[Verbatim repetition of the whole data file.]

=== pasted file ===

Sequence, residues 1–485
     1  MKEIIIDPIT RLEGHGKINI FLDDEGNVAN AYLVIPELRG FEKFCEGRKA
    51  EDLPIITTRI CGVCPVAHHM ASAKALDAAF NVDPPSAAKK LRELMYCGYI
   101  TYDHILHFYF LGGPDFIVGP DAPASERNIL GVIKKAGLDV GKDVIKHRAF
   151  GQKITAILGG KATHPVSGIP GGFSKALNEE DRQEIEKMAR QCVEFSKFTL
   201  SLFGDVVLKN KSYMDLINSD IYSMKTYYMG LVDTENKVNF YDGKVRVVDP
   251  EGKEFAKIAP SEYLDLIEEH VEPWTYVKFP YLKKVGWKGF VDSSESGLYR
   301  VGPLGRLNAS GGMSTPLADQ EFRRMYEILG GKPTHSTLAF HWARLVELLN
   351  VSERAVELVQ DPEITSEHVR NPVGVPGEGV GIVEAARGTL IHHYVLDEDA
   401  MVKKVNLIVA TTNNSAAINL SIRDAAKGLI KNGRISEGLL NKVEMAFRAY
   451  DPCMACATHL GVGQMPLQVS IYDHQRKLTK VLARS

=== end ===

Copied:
Sequence, residues 1–485
     1  MKEIIIDPIT RLEGHGKINI FLDDEGNVAN AYLVIPELRG FEKFCEGRKA
    51  EDLPIITTRI CGVCPVAHHM ASAKALDAAF NVDPPSAAKK LRELMYCGYI
   101  TYDHILHFYF LGGPDFIVGP DAPASERNIL GVIKKAGLDV GKDVIKHRAF
   151  GQKITAILGG KATHPVSGIP GGFSKALNEE DRQEIEKMAR QCVEFSKFTL
   201  SLFGDVVLKN KSYMDLINSD IYSMKTYYMG LVDTENKVNF YDGKVRVVDP
   251  EGKEFAKIAP SEYLDLIEEH VEPWTYVKFP YLKKVGWKGF VDSSESGLYR
   301  VGPLGRLNAS GGMSTPLADQ EFRRMYEILG GKPTHSTLAF HWARLVELLN
   351  VSERAVELVQ DPEITSEHVR NPVGVPGEGV GIVEAARGTL IHHYVLDEDA
   401  MVKKVNLIVA TTNNSAAINL SIRDAAKGLI KNGRISEGLL NKVEMAFRAY
   451  DPCMACATHL GVGQMPLQVS IYDHQRKLTK VLARS